University gender pay gap narrows

Out-Law News | 03 Apr 2019 | 3:26 pm | 2 min. read

It will take time for universities to pay men and women equally, an expert has said, although the latest data show that there has been a narrowing of the gender pay gap (GPG).

The overwhelming majority of UK universities are paying male staff more than female staff, latest figures show, although the GPG has narrowed from 15.3% to 13.7% between 2017 and 2018.

Information filed by universities to the government’s gender pay gap service ahead of the public sector filing deadline of 30 March 2019 shows that more than 90% pay men more than women, although a handful have no pay gap or pay women more than men.

Employment law expert Helen Corden of Pinsent Masons, the law firm behind Out-Law.com, said it would take some time for universities to close the GPG.

“As with other sectors, the gaps in the university sector within particular institutions have remained relatively static and, in some cases, have increased. This is predominantly due to the fact that it will take time for an institution’s action plan to take effect,” Corden said.

“For example, the lack of female representation within the professoriate is a contributing factor to many institution’s gaps. With a limited pool to draw from, it will take time to increase female representation at this level and achieve sustainable change,” Corden said.

“Institutions should therefore be focusing on their action plans and, for example, in the first instance ensuring that they are monitoring their pipeline of talent and ensuring barriers to progression, especially into the more heavily male dominated senior roles such as professor, are eliminated,” Corden said.

Corden said universities also needed to look beyond their academic staff when it came to the GPG.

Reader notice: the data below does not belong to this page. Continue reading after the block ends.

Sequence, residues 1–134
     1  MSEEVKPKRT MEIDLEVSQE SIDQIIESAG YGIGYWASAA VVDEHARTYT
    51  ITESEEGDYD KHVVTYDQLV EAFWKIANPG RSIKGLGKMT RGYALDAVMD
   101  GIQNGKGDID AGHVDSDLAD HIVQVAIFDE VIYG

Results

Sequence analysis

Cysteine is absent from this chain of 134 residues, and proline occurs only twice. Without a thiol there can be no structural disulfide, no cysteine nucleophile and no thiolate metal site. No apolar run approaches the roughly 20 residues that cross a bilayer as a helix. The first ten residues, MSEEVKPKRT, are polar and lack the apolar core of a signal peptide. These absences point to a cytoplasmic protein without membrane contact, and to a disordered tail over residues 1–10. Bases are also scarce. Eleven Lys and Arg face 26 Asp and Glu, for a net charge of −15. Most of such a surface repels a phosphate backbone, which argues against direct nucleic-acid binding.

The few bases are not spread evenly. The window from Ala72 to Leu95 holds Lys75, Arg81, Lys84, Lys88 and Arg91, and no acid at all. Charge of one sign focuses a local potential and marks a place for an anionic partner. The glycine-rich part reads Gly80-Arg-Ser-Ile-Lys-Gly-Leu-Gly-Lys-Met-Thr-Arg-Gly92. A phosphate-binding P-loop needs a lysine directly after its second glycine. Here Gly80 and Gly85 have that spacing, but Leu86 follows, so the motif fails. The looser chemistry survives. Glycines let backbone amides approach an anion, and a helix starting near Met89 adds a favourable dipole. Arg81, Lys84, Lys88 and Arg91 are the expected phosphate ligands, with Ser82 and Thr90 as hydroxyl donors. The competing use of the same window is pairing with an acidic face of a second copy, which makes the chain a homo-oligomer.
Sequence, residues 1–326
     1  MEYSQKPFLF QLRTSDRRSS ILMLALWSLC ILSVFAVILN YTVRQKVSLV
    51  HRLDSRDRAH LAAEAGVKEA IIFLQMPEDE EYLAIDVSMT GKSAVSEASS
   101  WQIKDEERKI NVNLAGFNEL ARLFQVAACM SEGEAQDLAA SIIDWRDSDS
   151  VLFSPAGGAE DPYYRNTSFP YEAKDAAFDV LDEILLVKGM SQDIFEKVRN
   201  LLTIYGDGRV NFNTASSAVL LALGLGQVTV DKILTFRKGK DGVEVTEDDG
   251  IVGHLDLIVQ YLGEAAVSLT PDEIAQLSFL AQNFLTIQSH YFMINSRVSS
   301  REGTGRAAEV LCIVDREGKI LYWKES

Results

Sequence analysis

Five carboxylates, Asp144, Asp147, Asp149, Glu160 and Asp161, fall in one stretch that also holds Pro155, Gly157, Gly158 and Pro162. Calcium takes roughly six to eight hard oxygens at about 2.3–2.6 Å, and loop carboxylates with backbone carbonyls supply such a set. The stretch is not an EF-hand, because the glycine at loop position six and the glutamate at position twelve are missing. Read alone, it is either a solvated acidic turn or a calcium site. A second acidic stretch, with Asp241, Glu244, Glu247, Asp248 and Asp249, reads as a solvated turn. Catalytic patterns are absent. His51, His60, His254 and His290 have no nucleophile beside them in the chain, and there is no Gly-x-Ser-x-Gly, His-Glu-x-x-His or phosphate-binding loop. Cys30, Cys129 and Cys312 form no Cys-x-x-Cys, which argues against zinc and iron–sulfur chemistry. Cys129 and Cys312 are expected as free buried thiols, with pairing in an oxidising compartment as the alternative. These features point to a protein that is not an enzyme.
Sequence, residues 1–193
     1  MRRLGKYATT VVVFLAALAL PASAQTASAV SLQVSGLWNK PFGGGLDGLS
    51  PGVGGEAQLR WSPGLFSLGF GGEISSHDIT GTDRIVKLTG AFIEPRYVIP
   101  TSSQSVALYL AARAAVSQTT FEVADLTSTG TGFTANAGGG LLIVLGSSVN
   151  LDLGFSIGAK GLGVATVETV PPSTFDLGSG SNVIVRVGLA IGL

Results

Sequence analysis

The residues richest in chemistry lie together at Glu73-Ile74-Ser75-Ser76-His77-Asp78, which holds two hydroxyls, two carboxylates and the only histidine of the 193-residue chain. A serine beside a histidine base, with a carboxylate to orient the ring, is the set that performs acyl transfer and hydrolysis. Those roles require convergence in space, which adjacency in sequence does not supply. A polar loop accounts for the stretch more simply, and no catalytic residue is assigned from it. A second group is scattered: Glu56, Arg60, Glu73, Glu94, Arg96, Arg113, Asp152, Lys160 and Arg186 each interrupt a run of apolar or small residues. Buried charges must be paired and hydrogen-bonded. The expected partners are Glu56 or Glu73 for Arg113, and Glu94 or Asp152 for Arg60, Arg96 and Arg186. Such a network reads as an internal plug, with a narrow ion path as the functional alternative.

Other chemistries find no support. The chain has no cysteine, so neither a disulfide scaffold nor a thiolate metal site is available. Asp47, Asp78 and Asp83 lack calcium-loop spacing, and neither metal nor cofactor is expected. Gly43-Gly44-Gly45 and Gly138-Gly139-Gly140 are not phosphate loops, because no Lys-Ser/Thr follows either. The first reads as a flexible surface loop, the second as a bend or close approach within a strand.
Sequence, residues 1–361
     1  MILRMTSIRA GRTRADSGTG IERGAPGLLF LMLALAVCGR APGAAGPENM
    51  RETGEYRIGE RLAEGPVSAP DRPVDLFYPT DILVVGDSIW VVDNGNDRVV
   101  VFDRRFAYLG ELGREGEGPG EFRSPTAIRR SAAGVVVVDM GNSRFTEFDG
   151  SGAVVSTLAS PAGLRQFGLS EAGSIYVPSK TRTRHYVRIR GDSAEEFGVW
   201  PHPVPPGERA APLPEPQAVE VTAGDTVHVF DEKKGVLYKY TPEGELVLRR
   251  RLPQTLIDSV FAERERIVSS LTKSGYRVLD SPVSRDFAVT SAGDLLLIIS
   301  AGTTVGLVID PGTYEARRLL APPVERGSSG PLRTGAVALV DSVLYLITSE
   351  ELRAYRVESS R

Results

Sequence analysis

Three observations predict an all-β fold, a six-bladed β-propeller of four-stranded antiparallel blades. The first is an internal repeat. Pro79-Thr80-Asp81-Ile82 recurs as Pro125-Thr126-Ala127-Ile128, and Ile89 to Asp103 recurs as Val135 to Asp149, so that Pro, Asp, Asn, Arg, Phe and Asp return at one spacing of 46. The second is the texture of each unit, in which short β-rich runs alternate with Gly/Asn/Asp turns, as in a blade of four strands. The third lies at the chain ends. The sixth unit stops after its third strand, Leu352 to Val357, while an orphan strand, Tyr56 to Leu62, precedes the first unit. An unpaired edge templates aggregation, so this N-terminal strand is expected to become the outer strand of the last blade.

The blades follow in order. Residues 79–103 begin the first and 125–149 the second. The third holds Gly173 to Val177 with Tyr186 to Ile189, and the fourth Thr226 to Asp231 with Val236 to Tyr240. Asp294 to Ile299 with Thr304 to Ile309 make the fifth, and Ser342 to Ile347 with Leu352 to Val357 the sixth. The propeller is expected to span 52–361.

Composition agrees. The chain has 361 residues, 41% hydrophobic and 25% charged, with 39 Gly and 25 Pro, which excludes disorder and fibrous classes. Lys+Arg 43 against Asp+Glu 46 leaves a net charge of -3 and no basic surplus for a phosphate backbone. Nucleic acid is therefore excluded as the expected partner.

“At the opposite end of the spectrum, universities will also have to consider how they can attract more males into traditional female roles, such as cleaning and catering. For those institutions which don’t outsource their facility management services the large number of women occupying these roles will also impact on their gap,” Corden said.

“Again, while this remains the case it is difficult to see how gaps can reduced in anything other than the long term. However, action plans can be developed and progressed to ensure that all possible steps are being taken to address these issues,” Corden said.

Analysis of the data by the BBC showed several universities had a GPG of more than 25%.

Earlier this year the Universities and Colleges Employers Association (UCEA) published a report examining the work higher education institutions were doing to cut the GPG in the sector.

Under the GPG reporting regulations, which came into force in April 2017, public, private and voluntary sector organisations with 250 employees or more are required to publish GPG data for their organisation. Data must be published within a year, meaning the data now being analysed are for 2018.

Across the whole of the public sector, the median GPG in 2018 was 14.2%, a little higher than 2017’s 14%, while over 88% paid men more than women, according to analysis by the Chartered Institute of Personnel and Development (CIPD). The CIPD also said the average GPG had increased by 0.4% across the wider education sector.